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πŸš€ Executing multiple queries in a single operation in GraphQL

leoloso profile image Leonardo Losoviz ・Updated on ・7 min read

Update 23/01/2021: I created the guides for the Multiple Execution Query in graphql-api.com:


This post was originally published on my blog leoloso.com

It's been only 15 days since releasing the GraphQL API for WordPress, and I couldn't help myself, so this week I added yet a new feature: the server can now execute multiple queries in a single operation.

Executing queries independently, and then all together as a single operation

This is not query batching. When doing query batching, the GraphQL server executes multiple queries in a single request. But those queries are still independent from each other. They just happen to be executed one after the other, to avoid the latency from multiple requests.

In this case, all queries are combined together, and executed as a single operation. That means that they will reuse their state and their data. For instance, if a first query fetches some data, and a second query also accesses the same data, this data is retrieved only once, not twice.

This feature is shipped together with the @export directive, which enables to have the results of a query injected as an input into another query. Check out this GraphiQL client for the query below, hit "Run" and select query with name "__ALL", and see how the user's name obtained in the first query is used to search for posts in the second query:

# Export the user's name
query GetUserName {
  user(id:1) {
    name @export(as: "_search")
  }
}

# Search for posts with the user's name from the previous query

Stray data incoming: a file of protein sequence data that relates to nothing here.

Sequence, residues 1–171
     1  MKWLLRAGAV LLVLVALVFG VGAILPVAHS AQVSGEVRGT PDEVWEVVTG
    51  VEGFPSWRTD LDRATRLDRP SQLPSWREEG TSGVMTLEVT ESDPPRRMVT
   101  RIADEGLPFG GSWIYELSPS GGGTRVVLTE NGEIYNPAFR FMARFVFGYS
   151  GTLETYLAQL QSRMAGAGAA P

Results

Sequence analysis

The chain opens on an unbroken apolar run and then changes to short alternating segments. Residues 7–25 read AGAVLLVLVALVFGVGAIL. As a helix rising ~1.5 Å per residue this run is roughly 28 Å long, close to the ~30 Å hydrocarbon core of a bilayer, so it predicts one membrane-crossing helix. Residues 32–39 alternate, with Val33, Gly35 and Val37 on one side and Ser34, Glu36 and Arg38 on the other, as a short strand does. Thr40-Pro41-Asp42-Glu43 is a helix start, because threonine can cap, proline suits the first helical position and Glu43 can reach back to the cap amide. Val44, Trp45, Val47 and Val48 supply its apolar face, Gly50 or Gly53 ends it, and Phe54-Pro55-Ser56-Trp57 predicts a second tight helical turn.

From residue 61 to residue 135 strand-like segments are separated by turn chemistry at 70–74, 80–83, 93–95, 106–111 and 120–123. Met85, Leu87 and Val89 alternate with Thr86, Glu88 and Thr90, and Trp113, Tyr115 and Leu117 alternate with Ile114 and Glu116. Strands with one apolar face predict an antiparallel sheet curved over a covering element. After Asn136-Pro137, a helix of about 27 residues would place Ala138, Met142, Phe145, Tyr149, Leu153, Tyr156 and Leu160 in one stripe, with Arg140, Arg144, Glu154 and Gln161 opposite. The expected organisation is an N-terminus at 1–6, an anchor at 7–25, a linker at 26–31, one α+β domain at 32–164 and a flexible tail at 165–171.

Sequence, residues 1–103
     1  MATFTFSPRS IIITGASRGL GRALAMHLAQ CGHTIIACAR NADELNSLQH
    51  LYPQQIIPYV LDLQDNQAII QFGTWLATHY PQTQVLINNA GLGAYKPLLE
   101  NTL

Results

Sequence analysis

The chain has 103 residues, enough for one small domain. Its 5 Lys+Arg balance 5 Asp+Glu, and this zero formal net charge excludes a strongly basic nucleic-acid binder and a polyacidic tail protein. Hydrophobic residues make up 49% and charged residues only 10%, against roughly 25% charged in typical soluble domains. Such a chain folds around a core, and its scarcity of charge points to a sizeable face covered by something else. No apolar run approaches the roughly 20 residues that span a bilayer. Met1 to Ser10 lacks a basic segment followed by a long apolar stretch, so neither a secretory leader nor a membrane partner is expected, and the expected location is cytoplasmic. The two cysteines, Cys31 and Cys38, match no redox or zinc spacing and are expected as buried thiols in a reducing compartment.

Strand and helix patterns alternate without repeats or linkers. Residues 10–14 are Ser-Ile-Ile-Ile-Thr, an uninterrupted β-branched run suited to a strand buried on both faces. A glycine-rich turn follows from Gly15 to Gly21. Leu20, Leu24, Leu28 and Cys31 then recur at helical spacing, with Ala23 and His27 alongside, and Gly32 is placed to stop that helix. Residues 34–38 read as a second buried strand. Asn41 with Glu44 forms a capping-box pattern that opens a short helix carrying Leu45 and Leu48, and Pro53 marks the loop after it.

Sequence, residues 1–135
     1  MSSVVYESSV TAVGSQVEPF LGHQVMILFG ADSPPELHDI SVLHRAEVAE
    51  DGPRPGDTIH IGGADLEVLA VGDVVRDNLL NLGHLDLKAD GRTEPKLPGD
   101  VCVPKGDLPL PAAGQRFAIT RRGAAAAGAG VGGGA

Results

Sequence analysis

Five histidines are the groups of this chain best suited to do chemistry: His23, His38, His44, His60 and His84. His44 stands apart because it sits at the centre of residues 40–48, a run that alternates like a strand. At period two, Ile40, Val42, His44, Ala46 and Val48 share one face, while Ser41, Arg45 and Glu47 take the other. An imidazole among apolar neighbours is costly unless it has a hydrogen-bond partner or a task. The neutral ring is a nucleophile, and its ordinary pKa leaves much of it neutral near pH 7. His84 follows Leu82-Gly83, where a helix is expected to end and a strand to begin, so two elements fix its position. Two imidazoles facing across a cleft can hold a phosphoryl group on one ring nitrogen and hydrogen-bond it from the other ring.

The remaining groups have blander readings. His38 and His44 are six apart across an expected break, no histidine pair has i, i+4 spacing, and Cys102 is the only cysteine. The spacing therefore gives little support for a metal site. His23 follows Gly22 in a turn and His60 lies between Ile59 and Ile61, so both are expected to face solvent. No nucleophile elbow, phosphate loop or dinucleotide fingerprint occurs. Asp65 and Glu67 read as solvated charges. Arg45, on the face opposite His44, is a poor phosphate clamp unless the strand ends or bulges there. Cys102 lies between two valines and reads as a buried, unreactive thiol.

query SearchPosts($_search: String = "") {
  posts(searchfor: $_search) {
    title
  }
}
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How is this feature useful?

This functionality is currently not part of the GraphQL spec, but it has been requested:

This feature improves performance, for whenever we need to execute an operation against the GraphQL server, then wait for its response, and then use that result to perform another operation. By combining them together, we are saving this extra request.

You may think that saving a single roundtrip is no big deal. Maybe. But this is not limited to just 2 queries: it can be chained, containing as many operations as needed.

For instance, this simple example chains a third query, and adds a conditional logic applied on the result from a previous query: if the post has comments, translate the post's title to French, but if it doesn't, show the name of the user. Click on the "Run" button in this GraphiQL client, see the results, then change variable offset to 1, run the query again, and see how the results change:

# Export the user's name
query GetUserName() {
  user(id: 1) {
    name @export(as: "_search")
  }
}

# Search for posts with the user's name from the previous query
query SearchPosts($offset:Int = 0, $_search: String = "") {
  posts(searchfor: $_search, limit: 1, offset: $offset) {
    title @export(as: "_postTitles")
    hasComments @export(as: "_postHasComments")
  }
}

# Translate post titles, or show user ID if not
query TranslatePosts($_postTitles: [String] = [], $_postHasComments: Boolean! = false) {
  translatedTitle: echoVar(variable: $_postTitles) @include(if:$_postHasComments) @translate(from:"en", to:"fr")
  noTitleForUser: echoVar(variable: $_search) @skip(if:$_postHasComments)
}
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GraphQL as a (meta-)scripting language

As we've seen, we could attempt to use GraphQL to execute scripts, including conditional statements and even loops.

GraphQL by PoP, which is the GraphQL engine over which the GraphQL API for WordPress is based, is a few steps ahead in providing a language to manipulate the operations performed on the query graph.

For instance, I have implemented a query which allows to send a newsletter to multiple users, fetching the content of the latest blog post and translating it to each person's language, all in a single operation!

Check the query below, which is using the PoP Query Language, an alternative to the GraphQL Query Language:

/?
postId=1&
query=
  post($postId)@post.
    content|
    date(d/m/Y)@date,
  getJSON("https://newapi.getpop.org/wp-json/newsletter/v1/subscriptions")@userList|
  arrayUnique(
    extract(
      getSelfProp(%self%, userList),
      lang
    )
  )@userLangs|
  extract(
    getSelfProp(%self%, userList),